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Roman villa on Warren Down

A Scheduled Monument in West Dean, West Sussex

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Latitude: 50.9161 / 50°54'57"N

Longitude: -0.8045 / 0°48'16"W

OS Eastings: 484134.643845

OS Northings: 113637.030823

OS Grid: SU841136

Mapcode National: GBR DFS.FFQ

Mapcode Global: FRA 966P.8DM

Entry Name: Roman villa on Warren Down

Scheduled Date: 19 January 1977

Source: Historic England

Source ID: 1005808

English Heritage Legacy ID: WS 445

County: West Sussex

Civil Parish: West Dean

Traditional County: Sussex

Lieutenancy Area (Ceremonial County): West Sussex

Church of England Parish: East Dean, Singleton and West Dean

Church of England Diocese: Chichester


Roman villa, 640m WNW of Lodge Hill Farmhouse.

Source: Historic England


This record has been generated from an "old county number" (OCN) scheduling record. These are monuments that were not reviewed under the Monuments Protection Programme and are some of our oldest designation records.

The monument includes a minor Roman villa, known as ‘Chilgrove II’, surviving as below-ground archaeological remains. It is situated on a south-east facing slope on Warren Down, south-east of Chilgrove.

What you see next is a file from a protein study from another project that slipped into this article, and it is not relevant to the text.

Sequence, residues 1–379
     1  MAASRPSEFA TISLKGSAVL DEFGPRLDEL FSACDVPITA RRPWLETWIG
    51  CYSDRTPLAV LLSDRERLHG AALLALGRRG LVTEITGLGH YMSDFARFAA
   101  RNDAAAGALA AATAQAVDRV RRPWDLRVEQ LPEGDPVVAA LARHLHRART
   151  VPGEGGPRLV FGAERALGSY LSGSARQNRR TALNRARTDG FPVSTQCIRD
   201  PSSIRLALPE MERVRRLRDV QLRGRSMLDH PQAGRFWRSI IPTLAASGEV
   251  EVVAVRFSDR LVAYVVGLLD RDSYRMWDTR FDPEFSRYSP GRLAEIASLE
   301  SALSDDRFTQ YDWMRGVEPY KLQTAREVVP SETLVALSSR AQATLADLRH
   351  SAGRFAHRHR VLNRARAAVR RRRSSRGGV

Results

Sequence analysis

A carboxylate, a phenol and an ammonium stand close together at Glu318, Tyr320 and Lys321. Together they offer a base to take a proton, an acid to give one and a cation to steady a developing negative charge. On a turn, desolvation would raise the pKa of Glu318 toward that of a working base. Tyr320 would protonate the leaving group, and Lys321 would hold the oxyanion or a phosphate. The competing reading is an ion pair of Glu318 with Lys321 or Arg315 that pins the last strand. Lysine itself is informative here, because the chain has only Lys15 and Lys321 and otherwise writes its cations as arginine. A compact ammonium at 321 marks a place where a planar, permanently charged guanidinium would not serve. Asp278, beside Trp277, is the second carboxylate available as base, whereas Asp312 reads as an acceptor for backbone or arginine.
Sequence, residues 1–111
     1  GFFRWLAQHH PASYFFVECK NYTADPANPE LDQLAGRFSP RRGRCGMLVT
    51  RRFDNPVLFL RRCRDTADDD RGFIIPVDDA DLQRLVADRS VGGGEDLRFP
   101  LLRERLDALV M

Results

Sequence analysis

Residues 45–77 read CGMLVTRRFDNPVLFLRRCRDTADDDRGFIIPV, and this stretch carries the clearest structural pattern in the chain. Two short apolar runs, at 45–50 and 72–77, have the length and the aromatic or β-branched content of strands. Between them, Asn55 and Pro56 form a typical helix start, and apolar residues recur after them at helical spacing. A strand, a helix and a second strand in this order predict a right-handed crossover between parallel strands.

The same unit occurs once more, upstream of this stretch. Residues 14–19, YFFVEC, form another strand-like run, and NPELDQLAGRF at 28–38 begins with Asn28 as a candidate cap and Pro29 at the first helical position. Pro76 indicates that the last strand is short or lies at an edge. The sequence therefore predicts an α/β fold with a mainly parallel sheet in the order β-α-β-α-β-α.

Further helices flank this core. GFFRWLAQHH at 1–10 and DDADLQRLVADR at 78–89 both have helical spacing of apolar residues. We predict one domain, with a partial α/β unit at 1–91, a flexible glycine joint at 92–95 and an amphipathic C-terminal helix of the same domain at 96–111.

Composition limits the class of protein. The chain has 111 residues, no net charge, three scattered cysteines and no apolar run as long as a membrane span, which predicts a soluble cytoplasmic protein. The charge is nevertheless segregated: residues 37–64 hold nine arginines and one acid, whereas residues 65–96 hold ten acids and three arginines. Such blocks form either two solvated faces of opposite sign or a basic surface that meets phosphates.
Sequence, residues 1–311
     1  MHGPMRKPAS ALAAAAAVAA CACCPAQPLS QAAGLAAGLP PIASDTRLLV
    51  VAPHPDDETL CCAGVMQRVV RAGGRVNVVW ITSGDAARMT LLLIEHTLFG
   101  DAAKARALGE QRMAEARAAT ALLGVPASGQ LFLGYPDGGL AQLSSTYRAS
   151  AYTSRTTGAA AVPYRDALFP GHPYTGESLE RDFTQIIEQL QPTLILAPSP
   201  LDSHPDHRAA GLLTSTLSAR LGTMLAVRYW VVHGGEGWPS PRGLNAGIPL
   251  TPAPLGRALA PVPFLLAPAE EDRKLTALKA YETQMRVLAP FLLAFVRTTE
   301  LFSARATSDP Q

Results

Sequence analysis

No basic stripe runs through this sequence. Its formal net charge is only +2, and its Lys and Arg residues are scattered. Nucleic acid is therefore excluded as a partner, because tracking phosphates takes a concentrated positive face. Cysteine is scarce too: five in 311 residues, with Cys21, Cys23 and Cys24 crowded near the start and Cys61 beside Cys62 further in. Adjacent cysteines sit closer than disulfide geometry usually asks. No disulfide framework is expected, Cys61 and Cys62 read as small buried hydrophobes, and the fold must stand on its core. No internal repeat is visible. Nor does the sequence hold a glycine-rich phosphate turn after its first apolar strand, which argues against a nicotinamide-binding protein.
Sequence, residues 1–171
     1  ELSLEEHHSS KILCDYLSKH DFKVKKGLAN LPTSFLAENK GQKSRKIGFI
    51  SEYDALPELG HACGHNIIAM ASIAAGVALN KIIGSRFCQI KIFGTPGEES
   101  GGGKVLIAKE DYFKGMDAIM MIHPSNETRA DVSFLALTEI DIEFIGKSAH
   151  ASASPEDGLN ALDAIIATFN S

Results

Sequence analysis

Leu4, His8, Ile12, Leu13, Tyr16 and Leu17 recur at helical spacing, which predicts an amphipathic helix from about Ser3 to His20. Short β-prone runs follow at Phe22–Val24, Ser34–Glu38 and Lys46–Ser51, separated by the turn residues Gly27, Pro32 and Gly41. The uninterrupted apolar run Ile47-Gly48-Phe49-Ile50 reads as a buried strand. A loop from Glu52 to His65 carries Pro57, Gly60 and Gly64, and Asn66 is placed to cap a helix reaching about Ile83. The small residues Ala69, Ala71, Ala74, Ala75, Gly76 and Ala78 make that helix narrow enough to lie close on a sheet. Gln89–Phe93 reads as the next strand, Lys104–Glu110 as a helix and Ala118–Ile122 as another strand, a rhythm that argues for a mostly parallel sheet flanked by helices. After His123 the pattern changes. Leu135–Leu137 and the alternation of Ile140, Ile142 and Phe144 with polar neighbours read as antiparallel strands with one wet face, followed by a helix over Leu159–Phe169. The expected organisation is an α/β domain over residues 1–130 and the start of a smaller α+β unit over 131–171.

The villa had several phases of Roman occupation. The earliest involved the construction of two timber buildings surrounded by a ditched enclosure in about the 2nd century AD. One of the buildings was subsequently rebuilt with five rooms and a corridor on the east side. An aisled barn containing a corn drying oven was added to the north. In the about late 3rd or early 4th century, the main building was rebuilt with flint walls on a larger plan. The ditched enclosure was replaced by a stockyard wall. In the mid 4th century the barn was replaced by a larger building and a new wing and bath suite were added to the villa, the rooms of which were laid with tessellated floors including a mosaic. The whole complex may have spanned an area of at least 180m by 200m. In about the late 4th century the barn was destroyed by fire and makeshift repairs were carried out on the site, which was occupied into the 5th century AD. A well preserved well and a number of hearths and ovens, including a circular tiled structure that is probably a large bread oven, have been identified on the site.

Partial excavation was carried out on the site between 1964 and 1970 following the recovery of surface traces of Roman material.The excavated remains of the villa were back-filled following the excavation.

The course of the Roman road connecting Chichester (Noviomagus Regnensium) and Silchester (Calleva Atrebatum) is thought to run about 190m to the east. There is another minor Roman villa (referred to as Chilgrove I), which is a scheduled monument, about 1.4km SSW. A regular aggregate field system was identified on aerial photographs south of the villa in the mid 20th century.

Further archaeological remains survive in the vicinity of this monument. Some such as a nearby Cross Dyke are scheduled but others are not because they have not been formally assessed.

Source: Historic England

Reasons for Scheduling